Special Olympics Athletic Leadership Program

Dave Lenox, VP of Athlete Leadership Programs (ALP) at Special Olympics Inc (SOI), asked me last year at the SOI international Regional Director’s meeting to suggest measurable interventions to reinvigorate ALP.

What is ALP?

If you search the SOI website for ALP, it states that the goal is to “allow athletes to explore opportunities for greater participation in our movement beyond sports training and competition: as coaches, officials, team captains, spokespeople, and Board and committee members.  These roles give athletes a voice in shaping the Special Olympics Movement, and a chance to spread the word about the transformations Special Olympics can bring to individuals and families. The Athlete Leadership Programs also provide a way for athletes to showcase talents and interests that may have gone unnoticed.

My ALP Experience

I am one of the lucky ones who experienced the ALP rewards. I started my advocacy path by being a spokesperson spreading the message of respect, acceptance, and inclusion internationally.  I had the opportunity to participate in two Global Athlete Congress events (Netherlands in 2000; Morocco in 2010).  I also volunteered twice at the World Games (Raleigh, North Carolina in 1999; Athens, Greece in 2011). I even spoke at the United Nations. These opportunities allowed me to experience the thrill of a global movement where athletes can contribute and shine. 

Special Olympics also provided me with leadership opportunities in Washington DC. They asked me to testify about my employment at a Senate Health Education Labor Pension (HELP) Committee Hearing chaired by Senator Harkin.  I was also invited to the White House to attend the signing of the Rosa Law and the ADA celebration.  I used the occasion to challenge the panel and ask if intellectual disability issues were included in the president’s agenda.

As an athlete, I was able to use the power of sports (swimming, basketball, soccer, and softball) to set goals, reach them, and feel the joy of victory.  I also had opportunities to mentor younger athletes to help prepare the next generation. 

Moving ALP Forward

During our meeting, on October 23rd in 2013 with the regional directors who came from around the world, we came to a consensus that athletes can and should take on leadership roles. We have a place around the decision-making table, and we believe that we can help shape the SOI trajectory.  We need to reinvigorate ALP. 

Problem Definition

One of the problems that we face is that society does not generally respect or value people with intellectual disabilities.  We do not matter in their eyes; they do not see us as having meaningful contributions.  At the same time, while our parents, siblings, teachers, coaches, mentors, health professionals, and others in our society support us, they do not share our life experiences. In fact, only we, the athletes and self-advocates, have an INSIDE understanding of what it means to have a disability. 

Next Steps

We, the athletes, have a voice; we can make contributions, and we have special gifts. We want to be equals in involvement and commitment. We are one of you and not one among you and as we have stated in the “Nothing about us without us” where we tell our stories.  We want to make the lives of people with intellectual disabilities more meaningful and give each person the opportunity to share their voice and to be a fully accepted citizen.  Let’s make inclusion, dignity, and respect the norm rather than the exception.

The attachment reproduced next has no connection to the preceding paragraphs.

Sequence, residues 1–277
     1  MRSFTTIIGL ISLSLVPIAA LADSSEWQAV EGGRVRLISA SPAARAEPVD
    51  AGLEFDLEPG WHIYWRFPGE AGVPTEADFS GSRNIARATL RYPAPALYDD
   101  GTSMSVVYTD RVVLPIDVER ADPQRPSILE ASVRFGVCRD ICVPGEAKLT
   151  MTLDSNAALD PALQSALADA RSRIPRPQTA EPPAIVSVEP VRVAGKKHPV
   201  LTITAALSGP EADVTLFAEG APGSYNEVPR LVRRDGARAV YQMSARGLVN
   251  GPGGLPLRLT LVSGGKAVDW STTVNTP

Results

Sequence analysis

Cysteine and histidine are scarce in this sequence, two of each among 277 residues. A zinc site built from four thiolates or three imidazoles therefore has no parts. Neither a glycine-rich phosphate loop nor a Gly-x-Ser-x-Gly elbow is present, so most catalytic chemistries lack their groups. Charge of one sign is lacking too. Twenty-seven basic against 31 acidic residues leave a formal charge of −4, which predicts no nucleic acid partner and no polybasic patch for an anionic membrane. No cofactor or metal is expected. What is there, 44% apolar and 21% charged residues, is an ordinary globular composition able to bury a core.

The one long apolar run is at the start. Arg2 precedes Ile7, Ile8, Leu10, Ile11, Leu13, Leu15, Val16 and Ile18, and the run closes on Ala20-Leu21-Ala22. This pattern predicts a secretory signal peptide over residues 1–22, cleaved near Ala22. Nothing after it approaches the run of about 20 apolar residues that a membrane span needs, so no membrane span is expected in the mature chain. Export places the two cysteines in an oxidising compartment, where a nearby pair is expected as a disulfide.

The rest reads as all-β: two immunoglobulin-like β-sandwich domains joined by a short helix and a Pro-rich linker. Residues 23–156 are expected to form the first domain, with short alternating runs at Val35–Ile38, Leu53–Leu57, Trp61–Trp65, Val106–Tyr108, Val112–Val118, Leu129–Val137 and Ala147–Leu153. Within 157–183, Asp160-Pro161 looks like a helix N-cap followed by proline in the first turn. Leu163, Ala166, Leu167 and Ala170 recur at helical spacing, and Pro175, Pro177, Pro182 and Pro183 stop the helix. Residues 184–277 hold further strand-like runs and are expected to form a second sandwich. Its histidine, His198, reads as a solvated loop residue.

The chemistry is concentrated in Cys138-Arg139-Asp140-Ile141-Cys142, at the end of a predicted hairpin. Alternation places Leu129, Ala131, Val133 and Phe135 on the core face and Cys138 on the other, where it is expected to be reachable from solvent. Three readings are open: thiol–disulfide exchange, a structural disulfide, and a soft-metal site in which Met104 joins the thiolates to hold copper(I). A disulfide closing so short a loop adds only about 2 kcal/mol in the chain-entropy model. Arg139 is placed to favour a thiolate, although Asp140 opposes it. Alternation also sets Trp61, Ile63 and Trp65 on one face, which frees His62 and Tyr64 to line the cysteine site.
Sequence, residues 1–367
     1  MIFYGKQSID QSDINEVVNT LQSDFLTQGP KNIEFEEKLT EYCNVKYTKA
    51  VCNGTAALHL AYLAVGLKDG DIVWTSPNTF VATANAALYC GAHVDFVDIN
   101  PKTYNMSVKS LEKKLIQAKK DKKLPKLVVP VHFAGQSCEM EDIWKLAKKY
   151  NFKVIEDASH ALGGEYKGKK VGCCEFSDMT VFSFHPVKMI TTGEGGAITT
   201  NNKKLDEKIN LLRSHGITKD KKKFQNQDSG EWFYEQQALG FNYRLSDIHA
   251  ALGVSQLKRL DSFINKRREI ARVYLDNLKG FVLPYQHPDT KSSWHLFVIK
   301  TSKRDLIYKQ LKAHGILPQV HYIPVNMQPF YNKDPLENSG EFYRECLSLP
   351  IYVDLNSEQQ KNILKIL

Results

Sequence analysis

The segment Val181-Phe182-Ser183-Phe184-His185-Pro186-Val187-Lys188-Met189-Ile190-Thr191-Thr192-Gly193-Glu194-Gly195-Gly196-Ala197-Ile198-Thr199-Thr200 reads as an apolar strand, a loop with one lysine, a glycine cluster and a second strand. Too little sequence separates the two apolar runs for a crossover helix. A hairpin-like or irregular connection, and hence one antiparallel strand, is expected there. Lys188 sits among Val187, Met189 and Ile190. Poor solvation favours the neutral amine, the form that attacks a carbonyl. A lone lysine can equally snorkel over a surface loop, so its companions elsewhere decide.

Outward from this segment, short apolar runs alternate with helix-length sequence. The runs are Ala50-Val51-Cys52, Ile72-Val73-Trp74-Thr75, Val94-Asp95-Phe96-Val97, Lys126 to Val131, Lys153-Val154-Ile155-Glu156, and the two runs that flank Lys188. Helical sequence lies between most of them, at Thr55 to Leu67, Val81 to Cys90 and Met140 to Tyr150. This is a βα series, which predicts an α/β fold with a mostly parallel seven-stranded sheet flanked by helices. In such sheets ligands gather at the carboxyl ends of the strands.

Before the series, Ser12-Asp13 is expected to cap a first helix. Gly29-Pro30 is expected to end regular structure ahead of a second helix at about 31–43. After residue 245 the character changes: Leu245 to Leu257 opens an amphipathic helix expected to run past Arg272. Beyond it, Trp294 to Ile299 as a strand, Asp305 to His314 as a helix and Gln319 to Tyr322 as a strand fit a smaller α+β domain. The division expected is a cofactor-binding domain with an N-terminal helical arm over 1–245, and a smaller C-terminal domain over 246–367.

If we are included in the planning, discussion, and actions, we will be able to create the changes that we want to see in the world.  While most athletes may not be the best choice to plan budgets, resources, programs and staffing, we are essential in successful networking, outreach, interventions and outcomes.

Our supporters are surprised at first when we serve on a Board, but overtime, they begin to believe in us and value the contributions that we make. We do not want to be tokens, but rather active participants.  We may need some mentoring and guidance, but we can engage and take the various organizations even further.

We do not want to limit the ALP to Global Messenger training and speaking roles.  We want more ACTION in other ways. Instead of measuring the number of people in attendance at training sessions, let’s measure impact. Let’s create stories that change the way people think of us. Let’s tell stories about athletic events that were led by self-advocates, impact on new legislation and individuals successful in competitive jobs.  Let’s help athletes volunteer, coach, and act as leaders. 

Some suggestions were to build Input Councils for athletes to express their views and voice their needs.  Unified Sports is a good model for Unified ALPS.  As athletes, we can help build partnerships and alliances in our communities by extending the reach of Special Olympics to other organizations.  I would like to suggest that we extend Unified Sports to the ALP. It bridges the divide between the outside world and the athletes.  It enriches both the individual with and without disabilities.

We could also start unified leadership projects specific to each region. I am involved in Unified Sports, as well as unified advocacy. I speak at schools with my brother to present a unified perspective on how Special Olympics has changed our lives. I have benefited from that unified experience with my siblings. 

Call to Action

We need to think of actions that will take the ALP further. I ask each one of you to dream with me about the possibilities. What outcomes do we expect from the ALP? What interventions can help us get there? There is more that can be done in all regions of the world. What should we be doing to reinvigorate and strengthen those programs?

I look forward to reading your comments below and continuing the conversation here.